The last thing I expected to think about during this pandemic was my posture—the placement, during meditation, of my hands, the erectness of my back, the location of my feet. But that is where I am today with my practice: absorbed with posture.

Of course, posture is not where I started. When the pandemic hit, I pulled closer to sangha, grateful for the online connection. I read more Tricycle articles. I joined an online guided meditation on lovingkindness. I used an app to listen to a Joseph Goldstein book on mindfulness. When a Buddhist teacher said, let your heart break, I did just that. I cried (finally) and practiced compassion.

Then, this past week, a member of Nashville’s people of color sangha gave an online dharma talk and mentioned posture. I remembered with a jolt my experience of posture a decade ago, when everything that mattered to me vanished. It began with the unexpected death of an auntie who had been like a mother to me. A few weeks later, my father had a severe stroke that almost killed him and hospitalized him for more than a month. Shortly after, in one phone call I lost my job and in another conversation my beloved told me that he wasn’t sure he would ever want to marry anyone. All this happened over weeks, but it felt like days.

And that’s when the skinny Buddhist nun showed up. Or to be more accurate, I showed up in South Florida where a Colombian nun had started a Zen sangha in Hialeah, a city on the outskirts of Miami that is home to Cuban exiles of all ages (like my father) and also a few non-Cubans (like my Colombian mother). It was, I said at the time, the most unlikely place to find a Buddhist community of any kind—but there it was. 

I had always said I would never join a Zen anything. The chants, the rituals, the hierarchy—it all reminded me of Catholicism. But after all certainty in my life vanished and I didn’t know what to do next, I found that I didn’t care about lineages or traditions. I just needed a place to sit and people who also wanted to sit.

The nun cared about my posture. Overall about my posture she said: not bad. But in that living room in South Florida with the large cold tiles—a room she had cleared and converted into a space for meditation cushions, a tall altar and incense—she tugged my shoulders down. She traced the back of my spine. She taught me to imagine a string reaching from the crown of my head to the ceiling. She told me that the position of my hands—in my lap, one hand within the other, the thumbs making the slightest contact—indicated where my mind was at the moment. Lazy hand position meant a wandering mind.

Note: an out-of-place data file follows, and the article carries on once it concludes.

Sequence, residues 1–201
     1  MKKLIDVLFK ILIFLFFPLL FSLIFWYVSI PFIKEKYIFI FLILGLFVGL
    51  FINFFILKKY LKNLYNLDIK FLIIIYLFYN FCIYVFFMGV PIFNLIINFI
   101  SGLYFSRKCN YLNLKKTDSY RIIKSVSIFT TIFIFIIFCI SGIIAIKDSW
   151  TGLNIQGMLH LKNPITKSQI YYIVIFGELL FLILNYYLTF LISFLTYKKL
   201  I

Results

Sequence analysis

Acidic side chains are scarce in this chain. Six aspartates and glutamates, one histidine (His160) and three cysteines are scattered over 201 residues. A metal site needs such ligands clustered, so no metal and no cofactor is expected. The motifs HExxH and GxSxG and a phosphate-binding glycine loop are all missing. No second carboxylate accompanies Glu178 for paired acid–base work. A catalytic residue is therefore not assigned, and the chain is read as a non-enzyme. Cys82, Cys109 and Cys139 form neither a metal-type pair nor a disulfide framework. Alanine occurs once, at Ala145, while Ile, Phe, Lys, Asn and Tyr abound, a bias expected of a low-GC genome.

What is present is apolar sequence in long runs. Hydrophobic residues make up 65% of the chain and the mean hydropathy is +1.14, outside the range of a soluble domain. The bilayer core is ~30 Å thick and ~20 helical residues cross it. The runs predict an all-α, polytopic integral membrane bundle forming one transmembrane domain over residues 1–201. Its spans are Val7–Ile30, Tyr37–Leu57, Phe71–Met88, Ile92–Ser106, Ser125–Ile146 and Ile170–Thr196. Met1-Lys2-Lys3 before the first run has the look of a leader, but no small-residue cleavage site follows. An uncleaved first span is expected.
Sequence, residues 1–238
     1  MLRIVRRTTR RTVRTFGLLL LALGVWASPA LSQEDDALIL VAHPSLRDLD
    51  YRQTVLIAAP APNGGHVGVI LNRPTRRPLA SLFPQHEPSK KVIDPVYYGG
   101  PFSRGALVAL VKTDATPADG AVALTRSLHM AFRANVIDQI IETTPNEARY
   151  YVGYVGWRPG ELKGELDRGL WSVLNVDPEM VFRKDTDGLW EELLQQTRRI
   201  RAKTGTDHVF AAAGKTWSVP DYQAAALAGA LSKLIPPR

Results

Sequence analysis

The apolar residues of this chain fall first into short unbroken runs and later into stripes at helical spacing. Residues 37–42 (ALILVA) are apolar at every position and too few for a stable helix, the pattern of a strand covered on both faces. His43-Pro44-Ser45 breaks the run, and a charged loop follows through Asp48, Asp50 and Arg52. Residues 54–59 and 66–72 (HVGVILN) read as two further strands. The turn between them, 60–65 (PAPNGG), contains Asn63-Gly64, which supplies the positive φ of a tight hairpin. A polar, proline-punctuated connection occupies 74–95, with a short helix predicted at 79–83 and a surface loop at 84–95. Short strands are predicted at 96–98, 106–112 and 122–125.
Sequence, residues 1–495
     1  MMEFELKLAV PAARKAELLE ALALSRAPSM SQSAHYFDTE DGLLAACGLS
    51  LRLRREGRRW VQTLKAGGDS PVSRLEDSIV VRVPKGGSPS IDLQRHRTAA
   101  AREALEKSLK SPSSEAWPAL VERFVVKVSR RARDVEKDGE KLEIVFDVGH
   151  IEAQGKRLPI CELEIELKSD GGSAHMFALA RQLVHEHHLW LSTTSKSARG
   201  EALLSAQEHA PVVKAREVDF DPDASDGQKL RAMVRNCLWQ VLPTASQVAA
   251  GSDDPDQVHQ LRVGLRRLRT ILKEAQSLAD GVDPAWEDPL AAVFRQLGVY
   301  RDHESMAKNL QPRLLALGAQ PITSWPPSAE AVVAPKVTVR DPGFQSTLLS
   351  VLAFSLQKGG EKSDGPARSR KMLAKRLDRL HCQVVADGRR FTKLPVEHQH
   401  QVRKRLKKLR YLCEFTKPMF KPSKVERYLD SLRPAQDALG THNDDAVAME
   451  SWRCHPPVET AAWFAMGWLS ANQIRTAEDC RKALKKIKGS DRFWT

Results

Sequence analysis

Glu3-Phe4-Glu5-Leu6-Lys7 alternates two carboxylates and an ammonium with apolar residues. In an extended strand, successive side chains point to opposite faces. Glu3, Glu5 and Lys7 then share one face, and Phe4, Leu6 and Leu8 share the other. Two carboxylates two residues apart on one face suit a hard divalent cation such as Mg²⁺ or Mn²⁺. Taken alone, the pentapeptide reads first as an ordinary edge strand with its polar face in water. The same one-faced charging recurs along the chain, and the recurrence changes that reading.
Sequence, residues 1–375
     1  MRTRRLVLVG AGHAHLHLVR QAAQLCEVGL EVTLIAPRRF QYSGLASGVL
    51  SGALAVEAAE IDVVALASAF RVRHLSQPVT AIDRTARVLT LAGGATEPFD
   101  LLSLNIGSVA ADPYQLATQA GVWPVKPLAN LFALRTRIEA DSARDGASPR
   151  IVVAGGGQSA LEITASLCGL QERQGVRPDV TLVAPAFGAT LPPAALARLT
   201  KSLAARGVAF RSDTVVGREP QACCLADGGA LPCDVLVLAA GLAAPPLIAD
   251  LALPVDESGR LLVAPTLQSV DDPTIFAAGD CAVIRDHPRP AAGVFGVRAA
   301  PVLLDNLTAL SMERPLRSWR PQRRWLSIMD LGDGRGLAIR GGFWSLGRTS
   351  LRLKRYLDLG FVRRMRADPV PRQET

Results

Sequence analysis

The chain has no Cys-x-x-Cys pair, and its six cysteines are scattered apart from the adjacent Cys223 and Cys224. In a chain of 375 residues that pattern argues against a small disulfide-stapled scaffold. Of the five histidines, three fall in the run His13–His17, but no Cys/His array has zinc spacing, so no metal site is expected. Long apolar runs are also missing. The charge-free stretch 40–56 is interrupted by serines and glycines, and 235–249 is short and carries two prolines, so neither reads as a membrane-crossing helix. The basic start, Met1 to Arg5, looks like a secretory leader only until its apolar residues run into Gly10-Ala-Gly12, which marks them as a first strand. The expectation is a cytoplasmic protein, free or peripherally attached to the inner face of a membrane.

I had never thought of my chin before, but she spoke of it as if it were a new body part. The chin was a napkin. It had to be carefully tucked in which required the head to be upright—again, the crown of my head to the ceiling of the living room in Hialeah. The chin, like the hands, could also betray my mind. If I was lost in thought, the chin might suddenly lift up. If I was falling asleep, it might collapse. 

On the most glorious days in that sangha in Hialeah, I noticed that paying attention to posture not only brought me to the here and now, but it also anchored me when everything else was falling apart. On the worst days, when the grief was too much and I didn’t give a damn about my chin, I sat there and quietly cursed at the nun. But when the sitting period was over, I found, of course, that the emotional opera inside of me had shifted. I was thinking about breakfast. She served little plates of broccoli and cheese with black tea.

Now, almost ten years later, during this time of pandemic, I am finding that it’s not the practice of lovingkindness or tonglen that is helping me to navigate the days. It is the focus on posture, the familiarity of here, sit here, notice your sit bones, drop the shoulders, crown to ceiling, straight back, open heart, the chin—where is your chin? For a few seconds, while focused on my posture, the world turns tangible again, becomes something I can hold in my hands. It is not all sickness and ventilators and death numbers spiraling upwards. For a few seconds, the world is here in my spine, in my lap, in my bony chin.

Read more free reflections on Buddhist practice in a pandemic here

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